1974 book: Subliminal Seduction
by Wilson Bryan Key, who I met one fall day at the
University of Western Ontario circa 1975, and spoke with
amid the rustling leaves in front of
Middlesex College, I am not mesmerized by flashing lights.
I see them as gimmick to promote
the bottom line which is sales. A few years later, I recall programming
a simple car racing game in BASIC
onto my Apple II.
I also recall programming a simple version of Blackjack. I tested
them. I played them. And I got over them. Also, as part of my
training in Psychology, I
took a mandatory course in statistics.
So, with a normal curve
under my belt, I will never walk into a casino because I know
you can't statistically win. I see the code beneath the visual
display which has become considerably more addictive and mesmerizing
now due to increased computer memory and speed. And I know that
these games are programmed to defeat the user. So, why play?
But cell phone users seem addicted to their devices, to playing
games on them, and to texting on their expensive tools or are
they toys? And because of the constant and intimate connection
between cell phone and user, these beloved devices with their
bells, whistles, and
flashing lights, have become extensions of the people
who use them. And those people have become, in turn,
cybernetic entities: part human being and part machine.
1997 novel: 3001, Arthur C. Clarke predicts the
evolution of cybernetic communications.
The cell phone is reduced to a single, miniscule, electronic
chip that is implanted on the surface of the human brain. It
makes sense to me that areas seventeen,
eighteen, and nineteen at the back of the brain, the
visual acuity areas adjacent
to the calcerine fissure might
be a candidate location. That way, you would most probably see
your display floating before you in
middle distance and perhaps control your selection by
looking in its direction and blinking once or twice to emulate
the point of a cursor and the click
of a mouse.
Clarke, Arthur C. 3001: The Final Odyssey. New York: Del
Rey / Ballantine, Mar 1997.
Harrison, Harry. Bill, the Galactic Hero. Cover by Larry
Lurin. New York: Doubleday, First Edition, 1965.
cybernauts in Clarke's
story are always connected to each other, as components of a
via wireless internet connections in their heads. OMG.
I can't imagine a greater horror. The
hive mind is an alien concept, when you think about it,
and far removed from the independence
and individuality that we normally associate with
human beings. Read Harry Harrison's 1965 novel: Bill, the
My question is this: won't this
lead to degradation in verbal communication, to
devolution of language itself? When communication can
be done with a point and a click, or rather a look and a blink,
where is the need for words? Will we
devolve back into the apes from which we came? And will
future language be reduced to grunts and shrieks? Aren't we already
part way there?
And have I mentioned that
cell phone users are just plain rude? I think it is rude
to talk on your cell phone while sitting amid others. I was forced
to listen in on a private conversation while sitting in the waiting
room, as mentioned previously, at my dentist's office. The other
patients and I were literally hijacked
by an inconsiderate fellow
yammering on his cell phone for all to hear. We were
his cell phone hostages, until
he finally noticed our glances and glares and went elsewhere
to finish his so-called private conversation but not before dropping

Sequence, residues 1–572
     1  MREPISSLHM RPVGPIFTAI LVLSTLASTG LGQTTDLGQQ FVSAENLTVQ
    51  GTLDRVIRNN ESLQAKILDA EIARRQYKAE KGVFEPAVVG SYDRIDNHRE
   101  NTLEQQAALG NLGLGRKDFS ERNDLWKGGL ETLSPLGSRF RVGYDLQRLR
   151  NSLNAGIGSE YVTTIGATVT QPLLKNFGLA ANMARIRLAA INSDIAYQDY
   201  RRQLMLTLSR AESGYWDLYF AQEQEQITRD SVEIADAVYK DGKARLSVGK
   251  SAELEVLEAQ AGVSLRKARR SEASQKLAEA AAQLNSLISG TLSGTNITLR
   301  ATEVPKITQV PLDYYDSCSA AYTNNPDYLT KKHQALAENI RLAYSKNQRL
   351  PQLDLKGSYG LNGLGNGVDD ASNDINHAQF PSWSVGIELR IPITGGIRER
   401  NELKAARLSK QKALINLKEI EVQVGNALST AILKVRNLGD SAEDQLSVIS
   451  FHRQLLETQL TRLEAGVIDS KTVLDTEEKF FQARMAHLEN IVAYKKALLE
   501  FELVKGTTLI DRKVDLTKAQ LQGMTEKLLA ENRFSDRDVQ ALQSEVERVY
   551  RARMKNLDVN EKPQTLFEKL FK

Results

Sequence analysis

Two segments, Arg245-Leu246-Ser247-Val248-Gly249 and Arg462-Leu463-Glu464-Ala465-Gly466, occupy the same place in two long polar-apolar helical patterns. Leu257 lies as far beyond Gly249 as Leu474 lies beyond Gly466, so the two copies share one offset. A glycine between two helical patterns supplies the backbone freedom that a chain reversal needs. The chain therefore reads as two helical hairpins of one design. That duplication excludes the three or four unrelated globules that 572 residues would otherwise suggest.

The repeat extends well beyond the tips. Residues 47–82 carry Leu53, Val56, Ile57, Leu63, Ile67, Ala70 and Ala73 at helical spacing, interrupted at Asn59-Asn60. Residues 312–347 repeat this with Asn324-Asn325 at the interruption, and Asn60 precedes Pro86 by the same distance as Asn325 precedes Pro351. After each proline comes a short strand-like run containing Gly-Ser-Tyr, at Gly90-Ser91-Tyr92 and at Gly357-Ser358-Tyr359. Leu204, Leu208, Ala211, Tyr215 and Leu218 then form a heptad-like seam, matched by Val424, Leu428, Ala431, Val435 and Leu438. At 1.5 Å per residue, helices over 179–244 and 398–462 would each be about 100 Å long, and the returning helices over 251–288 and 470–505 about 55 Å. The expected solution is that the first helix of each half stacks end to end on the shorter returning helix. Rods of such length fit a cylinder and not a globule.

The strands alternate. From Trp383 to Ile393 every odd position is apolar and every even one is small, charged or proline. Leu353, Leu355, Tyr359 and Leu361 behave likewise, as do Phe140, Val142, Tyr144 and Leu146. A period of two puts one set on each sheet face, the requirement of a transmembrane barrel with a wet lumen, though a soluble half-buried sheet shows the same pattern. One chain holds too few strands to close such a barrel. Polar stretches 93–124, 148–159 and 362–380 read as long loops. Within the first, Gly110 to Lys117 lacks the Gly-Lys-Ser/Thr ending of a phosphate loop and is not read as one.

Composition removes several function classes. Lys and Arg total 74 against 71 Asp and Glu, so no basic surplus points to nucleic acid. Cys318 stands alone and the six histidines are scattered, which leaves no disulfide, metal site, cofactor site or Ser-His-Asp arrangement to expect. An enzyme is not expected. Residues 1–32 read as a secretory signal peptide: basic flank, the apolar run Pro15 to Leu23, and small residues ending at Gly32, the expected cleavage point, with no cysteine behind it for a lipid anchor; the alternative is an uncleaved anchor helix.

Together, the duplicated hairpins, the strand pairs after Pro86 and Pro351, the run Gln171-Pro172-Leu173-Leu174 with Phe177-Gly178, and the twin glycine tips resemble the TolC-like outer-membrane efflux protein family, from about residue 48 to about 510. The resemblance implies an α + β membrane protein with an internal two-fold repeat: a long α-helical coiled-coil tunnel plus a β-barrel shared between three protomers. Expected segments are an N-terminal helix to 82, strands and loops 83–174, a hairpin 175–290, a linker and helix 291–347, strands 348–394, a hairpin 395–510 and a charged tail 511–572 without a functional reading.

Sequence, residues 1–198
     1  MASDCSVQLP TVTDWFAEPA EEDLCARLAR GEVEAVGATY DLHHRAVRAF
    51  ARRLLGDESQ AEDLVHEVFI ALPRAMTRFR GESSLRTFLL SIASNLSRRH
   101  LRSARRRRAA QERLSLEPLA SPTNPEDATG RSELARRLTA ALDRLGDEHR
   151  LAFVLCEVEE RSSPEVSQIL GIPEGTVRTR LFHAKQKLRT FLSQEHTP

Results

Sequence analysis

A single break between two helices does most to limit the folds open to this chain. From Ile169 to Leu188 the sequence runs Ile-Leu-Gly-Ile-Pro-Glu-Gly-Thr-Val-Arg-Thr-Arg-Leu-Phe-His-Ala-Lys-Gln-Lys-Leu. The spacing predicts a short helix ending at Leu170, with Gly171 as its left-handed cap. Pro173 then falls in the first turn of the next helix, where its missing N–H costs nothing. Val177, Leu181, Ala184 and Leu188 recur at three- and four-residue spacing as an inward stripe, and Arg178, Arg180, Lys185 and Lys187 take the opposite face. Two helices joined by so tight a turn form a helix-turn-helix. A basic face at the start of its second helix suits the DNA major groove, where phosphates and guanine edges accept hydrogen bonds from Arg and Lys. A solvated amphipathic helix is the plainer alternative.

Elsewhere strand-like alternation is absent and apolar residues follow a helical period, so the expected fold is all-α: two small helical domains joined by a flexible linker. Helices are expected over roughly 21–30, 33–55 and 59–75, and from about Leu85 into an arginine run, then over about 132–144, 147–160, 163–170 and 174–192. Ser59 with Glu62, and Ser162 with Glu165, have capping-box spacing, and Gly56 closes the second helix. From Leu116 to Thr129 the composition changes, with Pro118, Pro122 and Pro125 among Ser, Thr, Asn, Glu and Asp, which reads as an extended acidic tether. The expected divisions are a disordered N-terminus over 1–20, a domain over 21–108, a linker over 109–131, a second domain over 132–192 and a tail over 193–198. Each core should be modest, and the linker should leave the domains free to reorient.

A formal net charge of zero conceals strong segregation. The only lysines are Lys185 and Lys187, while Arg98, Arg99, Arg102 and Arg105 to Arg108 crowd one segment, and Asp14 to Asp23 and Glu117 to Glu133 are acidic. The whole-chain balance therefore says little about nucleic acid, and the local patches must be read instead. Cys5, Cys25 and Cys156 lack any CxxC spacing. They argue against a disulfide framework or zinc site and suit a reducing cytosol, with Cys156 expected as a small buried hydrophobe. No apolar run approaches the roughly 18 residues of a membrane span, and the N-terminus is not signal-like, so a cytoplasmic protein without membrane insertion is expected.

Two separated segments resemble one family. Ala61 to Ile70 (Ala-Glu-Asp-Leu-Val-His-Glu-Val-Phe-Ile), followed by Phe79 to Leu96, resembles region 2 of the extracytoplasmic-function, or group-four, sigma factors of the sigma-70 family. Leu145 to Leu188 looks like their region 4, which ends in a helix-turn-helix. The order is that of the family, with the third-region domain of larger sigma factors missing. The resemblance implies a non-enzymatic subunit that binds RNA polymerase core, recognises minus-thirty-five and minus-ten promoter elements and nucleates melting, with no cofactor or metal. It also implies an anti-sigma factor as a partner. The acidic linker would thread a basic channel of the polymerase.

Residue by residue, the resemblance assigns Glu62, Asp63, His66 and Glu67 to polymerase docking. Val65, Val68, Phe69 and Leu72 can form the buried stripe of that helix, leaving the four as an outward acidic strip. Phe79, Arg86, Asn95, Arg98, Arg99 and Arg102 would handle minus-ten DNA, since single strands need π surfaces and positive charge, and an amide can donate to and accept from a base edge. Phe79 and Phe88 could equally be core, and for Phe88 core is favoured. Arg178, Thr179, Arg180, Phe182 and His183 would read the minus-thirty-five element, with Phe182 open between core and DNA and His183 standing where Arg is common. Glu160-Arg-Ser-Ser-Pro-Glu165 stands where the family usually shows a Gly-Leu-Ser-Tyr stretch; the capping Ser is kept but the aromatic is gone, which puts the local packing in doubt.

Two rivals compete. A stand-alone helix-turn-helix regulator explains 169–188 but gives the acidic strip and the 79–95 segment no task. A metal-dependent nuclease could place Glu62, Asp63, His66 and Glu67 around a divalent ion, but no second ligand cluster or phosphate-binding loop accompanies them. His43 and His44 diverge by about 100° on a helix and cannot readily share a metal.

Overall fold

an innuendo that made us all feel guilty for
eavesdropping. Give me a break.
bottom line is when people are talking on their cell
phones, or gaming, or texting manically with their thumbs, they
are not interacting with the people around them. I would like
to say that kind of behavior is abnormal. But
Psychology teaches that what
is normal is determined by the norm. And with everyone
texting, I am the one who is abnormal because I don't even own
a cell phone. My land line
and answering machine suffice. Thank you very much. So, you see,
I am an anachronism, a hold out,
someone clinging to the old norm.
Read the 1954 novel: I Am Legend by Richard Matheson
to witness a shift in the norm.
Whereas our legends paint
vampires as monstrous
because they are different, it is
Robert Neville, the only human survivor of a
pandemic that has turned the population of
Earth into vampires,
who is now the abnormal one.
And when the vampires catch
Neville, he has
an epiphany. The world has become theirs. The
norm has been overturned. And, to the
vampires, he is the monster.
Neville looked out over the new people of the earth. He knew
he did not belong to them; he knew that, like the vampires, he
was anathema and black terror to be destroyed. And, abruptly,
the concept came, amusing to him even in his pain. ... Full circle.
A new terror born in death, a new superstition entering the unassailable
fortress of forever. I am legend.
Matheson, Richard. I Am Legend. Cover by Stanley Meltzoff.
New York: Gold Medal Books, First Edition, 1954.
Currently, with our
electrical grid intact and cell phone towers receiving
and transmitting continuously, the
antisocial norm marches on. And I am the abnormal one.
But one day, the grid will go down,
and then what? I'm not talking an intermittent glitch
in internet service. I'm talking major
electromagnetic pulse from a
solar storm, like the Carrington
Event of 1859 that
burned out telegraph systems
worldwide. But it will be worse now because we live in an
electronic age. And when everything
fries, it will take years, decades, and perhaps a century
to return to where we are today, if we ever do return. We will
be thrown back into the horse and
buggy era or perhaps we will revisit
the Middle Ages.
zombies in a bad Science Fiction
flick, the minions
without their working cell phones will wander the streets aimlessly,
their hive minds cut off from
each other. Ponder this: will
they still hold their now defunct
cell phones up to their ears and continue their
insane yammering? Will they still game or text although
their machines are fried and
no flashing lights or text appears on their lifeless screens?
And will we only then realize how insane our society has become?
Personally, I look forward to
the quiet. Silentium est aurum.